By Ejiofor Alike
The plummeting prices of crude oil have taken a toll on the price of Liquefied Natural Gas (LNG) in the international market as the latter also slumped by over 50 per cent due to the correlation between the prices of the two products, THISDAY has learnt.
THISDAY gathered that LNG buyers in Europe, who use to pay $9 per unit of LNG, now pay $5 or $6 per unit, after the price of crude dropped from $115 per barrel in June 2014 to less than $50 per barrel in May 2016.
It was also learnt that Asian LNG buyers that used to pay $15 per unit of LNG, now pay about $6 per unit because of the corresponding drop in the prices of crude oil.
The Managing Director and Chief Executive Officer of Nigeria LNG Limited, Mr. Babs Omotowa, who confirmed the drop in LNG price, told THISDAY in an exclusive interview that the gas prices were affected by the global slump in oil prices because gas prices were linked to oil price, as both were energy sources.
Omotowa revealed that there was a 70 per cent correlation in the price of oil and the price of gas.
“So, when you look at NLNG’s Facts and Figures publication, which we released a few weeks ago, even the revenue of 2015 was 40 per cent lower than 2014 and even this year, our revenue will even be lower than in 2015. So, the gas market has seen a big drop. This year, for example, in Asia where we use to get up to $15 per unit of gas, we get today about $5-$6. In Europe where we used to get $9 per unit, we get about $5 -$6. So, the price of gas has also come down; revenues have dropped,” he explained.
“But we are working very hard to make sure that we still remain profitable. We are working hard to make sure we find new opportunity areas; higher value markets and we are also making sure that we drive operational efficiencies and we are reducing our costs so that we can still be profitable and continue to return good revenues to the coffers of the government and our shareholders,” he added.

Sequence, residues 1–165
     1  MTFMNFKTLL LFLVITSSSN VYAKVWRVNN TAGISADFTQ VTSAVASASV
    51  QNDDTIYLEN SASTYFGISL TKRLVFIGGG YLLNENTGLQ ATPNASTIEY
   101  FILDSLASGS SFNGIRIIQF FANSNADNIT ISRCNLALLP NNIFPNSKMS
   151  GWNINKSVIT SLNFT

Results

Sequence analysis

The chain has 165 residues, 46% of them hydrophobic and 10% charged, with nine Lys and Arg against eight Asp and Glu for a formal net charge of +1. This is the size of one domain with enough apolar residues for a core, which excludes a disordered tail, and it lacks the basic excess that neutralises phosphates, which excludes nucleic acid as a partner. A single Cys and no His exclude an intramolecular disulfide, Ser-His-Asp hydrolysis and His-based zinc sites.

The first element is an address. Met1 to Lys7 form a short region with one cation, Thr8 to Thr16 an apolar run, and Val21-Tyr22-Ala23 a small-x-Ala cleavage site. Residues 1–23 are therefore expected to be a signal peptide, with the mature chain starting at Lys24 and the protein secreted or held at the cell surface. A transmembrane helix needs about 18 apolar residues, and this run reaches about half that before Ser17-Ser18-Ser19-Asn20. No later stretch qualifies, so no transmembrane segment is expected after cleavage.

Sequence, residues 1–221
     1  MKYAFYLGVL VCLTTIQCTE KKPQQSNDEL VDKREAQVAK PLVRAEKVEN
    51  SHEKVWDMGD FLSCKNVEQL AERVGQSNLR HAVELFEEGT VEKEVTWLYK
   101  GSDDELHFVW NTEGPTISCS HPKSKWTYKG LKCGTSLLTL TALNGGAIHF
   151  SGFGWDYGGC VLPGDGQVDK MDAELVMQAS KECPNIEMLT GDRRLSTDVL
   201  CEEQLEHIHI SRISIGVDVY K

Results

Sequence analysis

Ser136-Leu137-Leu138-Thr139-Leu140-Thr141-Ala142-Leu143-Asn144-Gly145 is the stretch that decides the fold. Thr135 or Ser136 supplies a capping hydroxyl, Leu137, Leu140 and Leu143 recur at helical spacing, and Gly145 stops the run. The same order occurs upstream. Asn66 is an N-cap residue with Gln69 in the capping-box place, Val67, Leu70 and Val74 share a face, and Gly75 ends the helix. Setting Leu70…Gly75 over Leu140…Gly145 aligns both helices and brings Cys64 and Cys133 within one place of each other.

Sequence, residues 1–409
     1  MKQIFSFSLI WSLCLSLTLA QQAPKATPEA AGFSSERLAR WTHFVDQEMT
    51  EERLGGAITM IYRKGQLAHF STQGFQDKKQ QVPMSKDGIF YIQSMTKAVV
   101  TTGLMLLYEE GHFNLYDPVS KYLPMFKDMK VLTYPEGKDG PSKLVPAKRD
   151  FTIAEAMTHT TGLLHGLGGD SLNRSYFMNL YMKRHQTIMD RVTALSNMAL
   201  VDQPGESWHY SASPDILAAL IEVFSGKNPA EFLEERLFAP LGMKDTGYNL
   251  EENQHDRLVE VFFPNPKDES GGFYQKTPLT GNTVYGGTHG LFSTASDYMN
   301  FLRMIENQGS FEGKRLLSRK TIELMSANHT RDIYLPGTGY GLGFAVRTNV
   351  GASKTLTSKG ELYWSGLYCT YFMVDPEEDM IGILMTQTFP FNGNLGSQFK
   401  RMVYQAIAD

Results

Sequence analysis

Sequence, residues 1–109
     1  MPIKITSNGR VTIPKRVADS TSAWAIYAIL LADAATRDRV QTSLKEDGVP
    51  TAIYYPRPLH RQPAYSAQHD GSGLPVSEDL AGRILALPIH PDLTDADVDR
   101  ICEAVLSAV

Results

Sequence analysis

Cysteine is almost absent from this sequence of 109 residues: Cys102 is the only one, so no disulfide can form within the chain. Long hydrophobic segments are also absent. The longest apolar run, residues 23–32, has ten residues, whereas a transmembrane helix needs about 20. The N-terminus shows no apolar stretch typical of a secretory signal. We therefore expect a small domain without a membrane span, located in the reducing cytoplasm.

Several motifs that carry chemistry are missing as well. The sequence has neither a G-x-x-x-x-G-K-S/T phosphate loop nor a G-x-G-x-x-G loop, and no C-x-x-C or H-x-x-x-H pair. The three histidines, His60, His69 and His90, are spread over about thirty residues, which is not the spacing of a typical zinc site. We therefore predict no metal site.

Omotowa added that based on the support of President Muhammadu Buhari and the Minister of State for Petroleum, Dr. Ibe Kachikwu, NLNG’s shareholders hope to take the Final Investment Decision (FID) for the Train 7 before the end of the tenure of this administration on May 29, 2019.
“In 2008, we were ready to take the Final Investment Decision (FID). But due to some discussions at that time around other priorities, especially from the federal government side, the FID could not be taken at that time. What that has meant is that overtime, the contracts that should have been put in place – the bids have all elapsed. So, we have to go back to the starting block,” he said.
He said the shareholders were currently on ‘the basis for design stage’ of the project, adding that the next stage would be the Front End Engineering Design (FEED) before the shareholders would move into tendering for the activities- engineering procurement and construction (EPC).
“That will enable us take the FID. We are working hard because we have so much support now from the government. Both the President and the Minister of State for Petroleum are very supportive and we want to take FID during this administration. Having said that, the current low price of oil, of course, makes it more challenging. So, we also have to work at reducing the cost of the project. We are very determined and we are making all the progress now to take this FID during this administration,” Omotowa explained.
He debunked insinuations that Nigeria does not have sufficient gas to meet the needs of LNG projects, saying that the country has much more than enough gas as one of the top 10 countries in the world with gas reserves.
According to him, Nigeria has over 180 trillion cubic feet of proven gas reserves, while only 30 trillion cubic feet would be required by NLNG for 25 years.
“It is known by analysis that Nigeria has about 600 trillion cubic feet of gas. Just to give you an idea; out of the 180 TCF of gas that we have, the whole requirement of NLNG for 25 years will be less than 30 TCF. So, it is small when you think of 30 out of 180 or 30 out of 600; it is not much. So, Nigeria has more than enough gas for export; for domestic power and for petrochemical,” he added.